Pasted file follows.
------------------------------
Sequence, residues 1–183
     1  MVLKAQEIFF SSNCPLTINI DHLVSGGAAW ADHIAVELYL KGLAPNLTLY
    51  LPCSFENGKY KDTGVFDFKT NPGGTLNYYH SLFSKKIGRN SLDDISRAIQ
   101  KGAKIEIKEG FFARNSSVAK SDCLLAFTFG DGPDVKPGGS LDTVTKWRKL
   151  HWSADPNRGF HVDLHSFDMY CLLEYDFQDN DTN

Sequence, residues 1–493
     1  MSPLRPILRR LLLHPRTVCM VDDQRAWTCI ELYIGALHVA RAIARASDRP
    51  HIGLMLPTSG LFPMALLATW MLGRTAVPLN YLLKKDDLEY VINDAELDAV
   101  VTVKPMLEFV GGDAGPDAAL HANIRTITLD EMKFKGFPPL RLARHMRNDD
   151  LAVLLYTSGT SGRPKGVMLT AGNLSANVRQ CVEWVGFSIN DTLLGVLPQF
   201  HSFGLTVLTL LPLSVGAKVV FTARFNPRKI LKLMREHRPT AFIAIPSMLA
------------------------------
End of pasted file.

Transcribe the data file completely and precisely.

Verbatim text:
Sequence, residues 1–183
     1  MVLKAQEIFF SSNCPLTINI DHLVSGGAAW ADHIAVELYL KGLAPNLTLY
    51  LPCSFENGKY KDTGVFDFKT NPGGTLNYYH SLFSKKIGRN SLDDISRAIQ
   101  KGAKIEIKEG FFARNSSVAK SDCLLAFTFG DGPDVKPGGS LDTVTKWRKL
   151  HWSADPNRGF HVDLHSFDMY CLLEYDFQDN DTN

Sequence, residues 1–493
     1  MSPLRPILRR LLLHPRTVCM VDDQRAWTCI ELYIGALHVA RAIARASDRP
    51  HIGLMLPTSG LFPMALLATW MLGRTAVPLN YLLKKDDLEY VINDAELDAV
   101  VTVKPMLEFV GGDAGPDAAL HANIRTITLD EMKFKGFPPL RLARHMRNDD
   151  LAVLLYTSGT SGRPKGVMLT AGNLSANVRQ CVEWVGFSIN DTLLGVLPQF
   201  HSFGLTVLTL LPLSVGAKVV FTARFNPRKI LKLMREHRPT AFIAIPSMLA